Oil prices dropped today as the market began focusing on long-term bearish factors after prices increased in the earlier session as US crude stocks dropped to the lowest level in almost four years.

US West Texas Intermediate (WTI) crude futures stood at $68.70 per barrel, recording a drop of 26 cents from the previous level, reported Reuters.

Brent crude futures touched at $73.15 per barrel, witnessing a drop of 30 cents from the earlier session.

Energy Information Administration (EIA) data revealed that inventories at the Cushing storage facility in Oklahoma fell by 1.3 million barrels. This is considered to be the lowest level since October 2014.

Petromatrix managing director Olivier Jakob was quoted by the news agency as saying: “Trade volume is pretty low in futures today. Yesterday you had a strong rebound supported by Cushing but there’s not a lot else that is driving prices higher so we are seeing a bit of a correction.”

“Low stocks were still providing a floor despite last week’s rise. Total US crude inventories are below the five-year average of around 420 million barrels.”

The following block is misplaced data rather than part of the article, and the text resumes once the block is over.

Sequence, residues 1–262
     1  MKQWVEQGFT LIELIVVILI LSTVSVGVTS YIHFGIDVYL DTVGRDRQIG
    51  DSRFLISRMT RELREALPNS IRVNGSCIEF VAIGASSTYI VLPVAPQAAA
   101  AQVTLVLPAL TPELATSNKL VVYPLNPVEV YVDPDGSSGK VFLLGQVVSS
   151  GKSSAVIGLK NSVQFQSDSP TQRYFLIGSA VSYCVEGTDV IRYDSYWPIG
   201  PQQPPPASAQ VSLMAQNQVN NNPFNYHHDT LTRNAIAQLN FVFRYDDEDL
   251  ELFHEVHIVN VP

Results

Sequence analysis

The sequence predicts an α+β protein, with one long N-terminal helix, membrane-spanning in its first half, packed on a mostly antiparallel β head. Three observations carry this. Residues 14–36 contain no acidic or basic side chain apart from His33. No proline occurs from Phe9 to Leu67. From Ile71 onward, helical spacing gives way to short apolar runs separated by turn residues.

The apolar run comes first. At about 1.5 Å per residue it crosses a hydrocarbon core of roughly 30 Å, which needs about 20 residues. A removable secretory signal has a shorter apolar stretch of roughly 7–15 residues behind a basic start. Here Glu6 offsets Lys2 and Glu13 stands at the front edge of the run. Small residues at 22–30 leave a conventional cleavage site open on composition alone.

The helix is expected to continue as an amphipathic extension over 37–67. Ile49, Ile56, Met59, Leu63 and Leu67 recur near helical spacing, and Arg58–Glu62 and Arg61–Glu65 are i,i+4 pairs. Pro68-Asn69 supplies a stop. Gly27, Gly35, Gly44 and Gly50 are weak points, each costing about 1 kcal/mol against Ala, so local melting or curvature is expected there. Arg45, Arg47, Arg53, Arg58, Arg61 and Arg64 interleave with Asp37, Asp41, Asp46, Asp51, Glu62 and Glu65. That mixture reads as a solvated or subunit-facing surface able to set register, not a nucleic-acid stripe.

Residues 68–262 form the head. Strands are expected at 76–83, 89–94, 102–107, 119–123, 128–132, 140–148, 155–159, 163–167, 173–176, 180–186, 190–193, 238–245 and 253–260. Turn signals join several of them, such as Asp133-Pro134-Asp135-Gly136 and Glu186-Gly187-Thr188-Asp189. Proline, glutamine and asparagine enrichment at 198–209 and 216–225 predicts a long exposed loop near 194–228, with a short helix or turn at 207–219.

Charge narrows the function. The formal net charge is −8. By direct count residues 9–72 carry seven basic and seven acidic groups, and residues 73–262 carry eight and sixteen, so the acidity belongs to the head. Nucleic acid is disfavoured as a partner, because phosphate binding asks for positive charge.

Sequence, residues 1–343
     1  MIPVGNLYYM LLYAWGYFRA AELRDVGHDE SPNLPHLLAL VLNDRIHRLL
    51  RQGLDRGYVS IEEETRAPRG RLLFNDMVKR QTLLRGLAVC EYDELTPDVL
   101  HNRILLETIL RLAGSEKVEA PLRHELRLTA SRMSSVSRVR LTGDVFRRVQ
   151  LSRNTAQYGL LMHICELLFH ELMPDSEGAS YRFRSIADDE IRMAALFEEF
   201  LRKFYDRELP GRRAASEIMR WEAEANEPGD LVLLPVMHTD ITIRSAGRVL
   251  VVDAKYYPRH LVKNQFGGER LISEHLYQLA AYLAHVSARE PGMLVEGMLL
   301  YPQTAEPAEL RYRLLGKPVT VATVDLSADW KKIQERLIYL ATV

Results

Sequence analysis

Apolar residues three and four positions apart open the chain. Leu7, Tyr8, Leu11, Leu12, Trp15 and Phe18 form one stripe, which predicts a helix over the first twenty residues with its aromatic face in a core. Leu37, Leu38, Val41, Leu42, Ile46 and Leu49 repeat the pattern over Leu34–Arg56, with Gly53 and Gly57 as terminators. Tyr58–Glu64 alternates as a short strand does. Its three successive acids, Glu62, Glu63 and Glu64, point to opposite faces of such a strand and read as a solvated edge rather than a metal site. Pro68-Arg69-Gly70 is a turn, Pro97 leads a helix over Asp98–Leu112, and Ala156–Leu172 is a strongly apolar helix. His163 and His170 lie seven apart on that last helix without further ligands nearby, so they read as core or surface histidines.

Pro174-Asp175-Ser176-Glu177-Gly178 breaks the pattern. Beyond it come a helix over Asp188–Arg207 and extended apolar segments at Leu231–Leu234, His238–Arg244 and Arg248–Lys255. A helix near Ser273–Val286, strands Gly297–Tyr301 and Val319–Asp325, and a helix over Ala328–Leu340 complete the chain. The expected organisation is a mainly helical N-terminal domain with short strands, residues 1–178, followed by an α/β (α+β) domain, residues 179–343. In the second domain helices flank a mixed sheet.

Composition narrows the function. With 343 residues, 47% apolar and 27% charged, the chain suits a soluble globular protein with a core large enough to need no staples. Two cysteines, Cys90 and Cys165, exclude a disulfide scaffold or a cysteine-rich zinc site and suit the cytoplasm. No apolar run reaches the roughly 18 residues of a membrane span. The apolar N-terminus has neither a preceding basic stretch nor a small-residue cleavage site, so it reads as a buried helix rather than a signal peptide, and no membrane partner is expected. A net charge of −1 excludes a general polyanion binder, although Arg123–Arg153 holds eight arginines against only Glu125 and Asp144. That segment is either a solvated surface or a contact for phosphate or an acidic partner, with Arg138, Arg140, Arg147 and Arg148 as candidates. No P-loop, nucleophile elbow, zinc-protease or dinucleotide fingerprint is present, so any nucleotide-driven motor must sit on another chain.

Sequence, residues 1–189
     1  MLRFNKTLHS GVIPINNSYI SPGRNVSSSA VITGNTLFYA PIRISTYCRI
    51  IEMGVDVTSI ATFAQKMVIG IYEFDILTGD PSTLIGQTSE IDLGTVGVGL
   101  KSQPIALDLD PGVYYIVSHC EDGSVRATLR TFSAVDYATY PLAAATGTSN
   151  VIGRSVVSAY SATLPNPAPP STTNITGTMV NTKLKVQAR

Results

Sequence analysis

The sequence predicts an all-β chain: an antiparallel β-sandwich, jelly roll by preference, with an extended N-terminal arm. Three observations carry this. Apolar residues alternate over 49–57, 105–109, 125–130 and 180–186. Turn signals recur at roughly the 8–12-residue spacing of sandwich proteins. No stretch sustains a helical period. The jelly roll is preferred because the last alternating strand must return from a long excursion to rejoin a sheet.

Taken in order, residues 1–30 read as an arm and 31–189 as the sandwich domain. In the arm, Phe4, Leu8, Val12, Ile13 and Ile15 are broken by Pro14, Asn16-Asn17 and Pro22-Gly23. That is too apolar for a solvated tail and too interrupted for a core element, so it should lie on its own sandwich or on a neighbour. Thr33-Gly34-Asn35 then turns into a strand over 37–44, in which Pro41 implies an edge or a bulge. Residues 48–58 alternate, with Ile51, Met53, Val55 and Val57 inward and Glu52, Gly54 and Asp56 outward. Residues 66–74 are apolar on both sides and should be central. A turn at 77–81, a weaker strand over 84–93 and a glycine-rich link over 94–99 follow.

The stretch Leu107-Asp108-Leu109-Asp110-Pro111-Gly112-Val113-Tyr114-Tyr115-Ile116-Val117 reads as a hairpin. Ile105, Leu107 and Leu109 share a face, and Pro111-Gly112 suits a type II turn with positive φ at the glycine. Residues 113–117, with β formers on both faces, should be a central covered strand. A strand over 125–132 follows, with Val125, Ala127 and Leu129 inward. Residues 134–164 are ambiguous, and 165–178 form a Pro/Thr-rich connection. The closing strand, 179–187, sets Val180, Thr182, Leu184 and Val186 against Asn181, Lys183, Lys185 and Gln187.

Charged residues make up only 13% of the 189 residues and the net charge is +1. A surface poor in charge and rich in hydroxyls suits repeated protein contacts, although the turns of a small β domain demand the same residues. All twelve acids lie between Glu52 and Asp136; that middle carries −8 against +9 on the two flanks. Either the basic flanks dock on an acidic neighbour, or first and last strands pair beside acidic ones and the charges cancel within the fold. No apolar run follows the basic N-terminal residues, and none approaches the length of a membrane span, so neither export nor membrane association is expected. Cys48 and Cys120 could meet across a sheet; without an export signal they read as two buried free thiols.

Low stocks are still providing support to the prices despite last week’s rise. Total US crude inventories are currently below the five-year average of around 420 million barrels.

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WTI is almost touching a flat week after witnessing four weekly drops, while Brent seems to be on track to record a fourth week of declines, recording a drop of 1.4%.

According to analysts, the outlook beyond the short-term was turning bearish.

Reuters technical commodities analyst Wang Tao said: “Bulls are fighting a losing battle…Brent oil may fall to $67 per barrel.”

In July, Russia’s oil production grew by 150,000 barrels per day (bpd) from the previous month to reach 11.21 million bpd.

Production of Saudi Arabia also increased recently, to reach around 11 million bpd, while US output is consistent.

Russia, Saudi Arabia, Kuwait and UAE have increased output to offset an expected drop in Iranian crude supplies, following US sanctions later this year. However, a complete halt of Iranian supplies is not likely given that China, which is the biggest customer of Iran, has not accepted US request to reduce imports.